You have to be “in it to win it,” and don’t forget that when negotiating, you always must be in the right space of mind and willing to walk away at any moment unless you get what you want. Don’t forget that real estate investing is about making money and gaining financial independence — not buying a pretty house that you would like to live in.

analyze-deal

Step 3: Evaluate

Last but not least, once you have hooked your bargain property, you now have to crunch the numbers and evaluate, making sure it’s a good fit for your portfolio. Because I’m so awesome, I’ve already written a blog about how to crunch real estate numbers using one simple rule. After you finish crunching the numbers like I explained in the article above, you MUST make sure that the net return on investment will be getting you a step closer to achieving your end goal.

Related: The #1 Tip For Recognizing Great Real Estate Deals

Don’t make the same mistake as me when I first started. I was investing for quantity and bragging rights, such as, “I’m a real estate investor” and “I’m an entrepreneur.” This cost me time and money, as I added properties to my portfolio that weren’t doing anything other than costing me dearly. Every property you buy needs to get you a step closer to achieving your end goal. Never forget that your decisions should be based on the numbers in the deal as they stand TODAY and not predictions of future capital appreciation. No one has a crystal ball, so forget about focusing on those metrics.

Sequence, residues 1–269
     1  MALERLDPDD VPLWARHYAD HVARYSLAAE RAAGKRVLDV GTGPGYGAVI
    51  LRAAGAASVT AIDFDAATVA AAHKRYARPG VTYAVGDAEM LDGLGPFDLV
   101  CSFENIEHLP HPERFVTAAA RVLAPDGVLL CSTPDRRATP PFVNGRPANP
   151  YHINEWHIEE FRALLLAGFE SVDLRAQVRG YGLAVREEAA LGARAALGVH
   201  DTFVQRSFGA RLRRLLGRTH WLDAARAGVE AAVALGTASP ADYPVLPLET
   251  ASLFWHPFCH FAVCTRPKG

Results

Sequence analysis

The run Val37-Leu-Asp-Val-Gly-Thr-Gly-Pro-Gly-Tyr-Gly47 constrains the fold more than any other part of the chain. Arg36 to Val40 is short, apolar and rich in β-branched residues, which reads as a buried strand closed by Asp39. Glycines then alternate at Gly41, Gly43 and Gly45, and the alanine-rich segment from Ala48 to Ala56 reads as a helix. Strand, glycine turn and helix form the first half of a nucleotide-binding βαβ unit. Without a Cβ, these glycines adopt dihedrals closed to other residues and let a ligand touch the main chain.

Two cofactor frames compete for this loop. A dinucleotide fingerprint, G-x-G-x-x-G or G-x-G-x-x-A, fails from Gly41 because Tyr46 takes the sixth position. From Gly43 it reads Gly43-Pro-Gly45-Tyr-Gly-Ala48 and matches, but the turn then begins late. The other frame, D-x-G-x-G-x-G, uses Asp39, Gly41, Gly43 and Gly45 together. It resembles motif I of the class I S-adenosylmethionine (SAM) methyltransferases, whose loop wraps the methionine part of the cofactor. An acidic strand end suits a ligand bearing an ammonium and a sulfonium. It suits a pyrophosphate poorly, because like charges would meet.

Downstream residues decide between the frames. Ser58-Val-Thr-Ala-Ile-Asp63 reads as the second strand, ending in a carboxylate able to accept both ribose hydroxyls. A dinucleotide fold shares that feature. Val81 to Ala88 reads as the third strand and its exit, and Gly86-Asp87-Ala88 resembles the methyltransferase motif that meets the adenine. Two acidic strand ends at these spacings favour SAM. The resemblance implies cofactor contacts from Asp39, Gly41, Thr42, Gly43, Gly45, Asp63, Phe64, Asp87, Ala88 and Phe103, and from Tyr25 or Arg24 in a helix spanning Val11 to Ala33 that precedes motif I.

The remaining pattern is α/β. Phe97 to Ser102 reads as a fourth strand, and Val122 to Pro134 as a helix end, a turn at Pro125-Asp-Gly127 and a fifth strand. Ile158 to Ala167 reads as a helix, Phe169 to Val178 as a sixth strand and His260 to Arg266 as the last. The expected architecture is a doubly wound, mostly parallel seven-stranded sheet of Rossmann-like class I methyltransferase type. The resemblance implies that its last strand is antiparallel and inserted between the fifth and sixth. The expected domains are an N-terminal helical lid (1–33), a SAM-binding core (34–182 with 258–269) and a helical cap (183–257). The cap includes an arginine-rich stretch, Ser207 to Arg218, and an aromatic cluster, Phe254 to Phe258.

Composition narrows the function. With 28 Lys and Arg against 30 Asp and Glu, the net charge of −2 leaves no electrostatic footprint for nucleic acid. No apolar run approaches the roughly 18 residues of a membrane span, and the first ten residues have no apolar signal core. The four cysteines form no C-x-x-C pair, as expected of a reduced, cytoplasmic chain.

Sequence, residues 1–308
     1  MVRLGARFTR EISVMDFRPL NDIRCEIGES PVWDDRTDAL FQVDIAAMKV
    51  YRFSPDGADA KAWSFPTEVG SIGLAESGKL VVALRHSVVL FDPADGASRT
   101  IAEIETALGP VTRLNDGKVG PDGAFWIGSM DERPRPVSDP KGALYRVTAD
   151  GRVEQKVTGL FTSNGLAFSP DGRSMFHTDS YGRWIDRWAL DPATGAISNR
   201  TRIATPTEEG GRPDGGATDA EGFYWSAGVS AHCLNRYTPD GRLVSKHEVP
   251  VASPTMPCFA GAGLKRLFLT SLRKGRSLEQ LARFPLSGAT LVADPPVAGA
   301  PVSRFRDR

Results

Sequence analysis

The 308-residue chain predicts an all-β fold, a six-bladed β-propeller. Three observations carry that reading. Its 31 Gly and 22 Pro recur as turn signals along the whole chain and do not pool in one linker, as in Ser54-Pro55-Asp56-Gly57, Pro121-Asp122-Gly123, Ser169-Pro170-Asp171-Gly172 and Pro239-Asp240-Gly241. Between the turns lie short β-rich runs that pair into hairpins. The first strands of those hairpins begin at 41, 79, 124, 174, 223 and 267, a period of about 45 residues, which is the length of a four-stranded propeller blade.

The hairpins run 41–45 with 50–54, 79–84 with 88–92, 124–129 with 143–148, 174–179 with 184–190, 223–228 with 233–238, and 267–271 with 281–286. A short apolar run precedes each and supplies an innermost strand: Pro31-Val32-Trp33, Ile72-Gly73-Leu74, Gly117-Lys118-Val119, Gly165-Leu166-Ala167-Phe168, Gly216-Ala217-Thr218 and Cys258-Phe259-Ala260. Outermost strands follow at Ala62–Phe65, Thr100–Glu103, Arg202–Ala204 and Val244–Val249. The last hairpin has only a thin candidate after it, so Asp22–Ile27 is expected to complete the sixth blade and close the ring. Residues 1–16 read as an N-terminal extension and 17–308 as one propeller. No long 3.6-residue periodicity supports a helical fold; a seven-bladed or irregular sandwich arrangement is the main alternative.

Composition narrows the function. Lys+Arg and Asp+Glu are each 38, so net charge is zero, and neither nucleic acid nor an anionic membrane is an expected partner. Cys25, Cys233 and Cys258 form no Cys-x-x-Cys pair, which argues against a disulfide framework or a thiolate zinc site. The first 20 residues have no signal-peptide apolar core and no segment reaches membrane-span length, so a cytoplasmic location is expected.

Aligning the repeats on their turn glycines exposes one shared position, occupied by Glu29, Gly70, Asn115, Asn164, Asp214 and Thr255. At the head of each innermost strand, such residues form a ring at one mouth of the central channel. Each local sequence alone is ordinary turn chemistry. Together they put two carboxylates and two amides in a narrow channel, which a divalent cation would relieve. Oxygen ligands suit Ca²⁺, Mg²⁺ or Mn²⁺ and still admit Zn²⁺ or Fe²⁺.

My ending questions to you today are: What is your end goal with real estate investing? How much monthly cash flow do you need to start living life on your terms? What is your time frame of achieving your end goal?

Investors: How do YOU plan on achieving your investing end goals? What does your property acquisition process look like?